Is there a way to fix Japanese games?

With TGS on the horizon, we ponder the situation of Japanese development

Tokyo Game Show begins this week, shifting the global gaming attention to Japan. Unfortunately for fans of Japanese games, events like TGS also throw into sharp relief the problems that are plaguing Japanese development. The country that once led innovation in virtually every genre has had serious trouble connecting with gamers outside Japan, and clearly the divide between the markets is growing.

From the 1980s to the early 2000s, games from Japan dominated the market in the West. While companies like Konami, Capcom, and Squaresoft were making their name with lasting franchises like Metal Gear, Street Fighter, and Final Fantasy, Western developers were busying themselves during these years with...*crickets*.

Today the charts are ruled by titles from the West: Call of Duty, Assassin’s Creed, Halo, and Elder Scrolls. Comparatively, during the last decade, many Japanese-developed franchises have floundered with the rest of the world. Already in 2012, games like Ninja Gaiden 3, Armored Core V, and Steel Battalion have been met with lackluster reviews and low sales.

Some companies, like Square Enix and Capcom, have been able to maintain strong international sales, but in most cases that’s due to an increased Western influence. Square Enix purchased Eidos, acquiring in the process top Western franchises like Tomb Raider and Hitman. Meanwhile, Capcom is consistently relying on non-Japanese developers to make new games in established series like Devil May Cry (Ninja Theory), Lost Planet (Spark Unlimited), and Dead Rising (Blue Castle).

That’s not to say Japanese developers don’t know how to sell to Japanese gamers. Franchises like Monster Hunter, Dragon Quest, Yakuza, Dynasty Warriors, and the Tales of… games are consistently found at the top of the Japanese sales charts, but those successes are increasingly becoming another sign of the problem. While those series sell in the millions in Japan, they barely make an impact overseas--if they’re even localized at all, something publishers are becoming increasingly wary of doing. Most of those series’ gameplay rules are so well established that the devs aren’t in any rush to make them more user-friendly to westerners. And it’s that disconnect that’s only making things worse.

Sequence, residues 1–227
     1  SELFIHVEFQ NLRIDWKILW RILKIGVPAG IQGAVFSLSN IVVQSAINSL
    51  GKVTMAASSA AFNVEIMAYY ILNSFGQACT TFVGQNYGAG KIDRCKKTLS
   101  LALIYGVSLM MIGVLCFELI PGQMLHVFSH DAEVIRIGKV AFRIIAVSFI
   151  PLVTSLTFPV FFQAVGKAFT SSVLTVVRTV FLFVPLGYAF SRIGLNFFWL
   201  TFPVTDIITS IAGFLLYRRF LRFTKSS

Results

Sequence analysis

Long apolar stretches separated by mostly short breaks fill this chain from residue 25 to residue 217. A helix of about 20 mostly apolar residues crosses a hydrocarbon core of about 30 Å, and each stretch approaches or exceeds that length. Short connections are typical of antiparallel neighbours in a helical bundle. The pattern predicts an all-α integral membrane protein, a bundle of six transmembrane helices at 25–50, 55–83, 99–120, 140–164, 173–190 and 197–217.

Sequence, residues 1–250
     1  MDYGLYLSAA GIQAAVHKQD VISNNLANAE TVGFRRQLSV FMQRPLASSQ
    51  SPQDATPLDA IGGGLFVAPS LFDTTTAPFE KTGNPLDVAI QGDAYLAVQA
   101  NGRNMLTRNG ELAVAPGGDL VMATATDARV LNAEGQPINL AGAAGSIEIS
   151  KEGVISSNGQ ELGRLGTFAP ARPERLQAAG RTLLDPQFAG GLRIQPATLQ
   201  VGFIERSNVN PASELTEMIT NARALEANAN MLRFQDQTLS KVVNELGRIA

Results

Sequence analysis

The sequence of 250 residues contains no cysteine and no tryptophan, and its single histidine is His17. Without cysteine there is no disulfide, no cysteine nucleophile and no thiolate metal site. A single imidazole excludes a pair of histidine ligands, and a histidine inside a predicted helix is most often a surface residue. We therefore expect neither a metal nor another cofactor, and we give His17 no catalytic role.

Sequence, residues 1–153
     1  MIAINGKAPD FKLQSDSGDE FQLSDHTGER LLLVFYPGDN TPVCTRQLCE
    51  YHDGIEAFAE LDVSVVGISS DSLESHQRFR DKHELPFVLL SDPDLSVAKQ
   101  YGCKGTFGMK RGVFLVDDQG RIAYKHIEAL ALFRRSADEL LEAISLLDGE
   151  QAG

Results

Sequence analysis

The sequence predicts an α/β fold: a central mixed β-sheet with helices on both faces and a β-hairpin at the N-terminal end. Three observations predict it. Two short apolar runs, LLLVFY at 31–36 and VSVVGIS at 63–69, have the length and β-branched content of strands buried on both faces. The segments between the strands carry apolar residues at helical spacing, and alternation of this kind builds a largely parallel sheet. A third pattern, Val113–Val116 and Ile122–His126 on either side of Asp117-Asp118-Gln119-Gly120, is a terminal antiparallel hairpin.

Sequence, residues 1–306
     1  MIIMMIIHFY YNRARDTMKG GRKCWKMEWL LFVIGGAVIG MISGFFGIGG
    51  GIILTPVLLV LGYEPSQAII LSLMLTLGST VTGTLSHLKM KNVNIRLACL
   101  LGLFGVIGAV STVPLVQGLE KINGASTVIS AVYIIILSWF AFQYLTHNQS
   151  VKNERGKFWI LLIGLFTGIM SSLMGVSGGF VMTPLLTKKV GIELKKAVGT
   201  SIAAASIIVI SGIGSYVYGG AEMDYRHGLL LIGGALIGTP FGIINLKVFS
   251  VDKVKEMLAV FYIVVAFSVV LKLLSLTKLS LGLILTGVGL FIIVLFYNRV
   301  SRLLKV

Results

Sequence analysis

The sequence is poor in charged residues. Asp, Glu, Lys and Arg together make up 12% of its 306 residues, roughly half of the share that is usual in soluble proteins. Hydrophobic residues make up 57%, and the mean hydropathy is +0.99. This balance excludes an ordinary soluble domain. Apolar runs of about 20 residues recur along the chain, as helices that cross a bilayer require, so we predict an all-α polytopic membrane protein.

While all those franchises certainly have fans outside of Japan, when publishers take a chance and bring them to the West, they rarely accrue the global sales they seemingly should thanks to the divide in player tastes. And that situation is leaving Japanese developers with some very tough choices. Do they make changes to the fundamental designs of their big Japanese franchises and risk alienating their core audience, or do they continue to cater to this increasingly niche segment of gamers? Bomberman: Act Zero highlights perfectly the inherent risk in this equation.

Still, there are some Japanese developers breaking the mold entirely. Grasshopper Manufacture, for one, develops unique, distinctively Japanese-weird games, such as No More Heroes or Shadows of the Damned, that have won over critics in the West and the East. Likewise, the collective of former Capcom creators known as Platinum Games makes the kind of risky, innovative, and, above all else, fun action games people once expected from Japan.

Sadly, Platinum and Grasshopper's innovative strides haven't translated into big sales in either America or Japan. Even the best sellers of those companies, like Bayonetta and Lollipop Chainsaw, end up with a fraction of the sales of games like The Elder Scrolls V: Skyrim and Mass Effect 3.

Though the sales figures have not yet born it out, the types of new, innovative, and distinctive games that Platinum and Grasshopper create are the key to Japan’s future. And the good news is that these companies are still being given the chance to find their place in the world. Earlier this week, Nintendo confirmed that it would be bringing Platinum’s Bayonetta 2 exclusively to the Wii U. Here’s hoping that kind of big-time support will give the franchise the boost it needs to make its lasting mark on the industry.


Henry moved from the suburbs of northern Florida to work at GR+, and hasn't looked back once in seven years. When not collecting Mario toys, you can find him constantly checking his Twitter.
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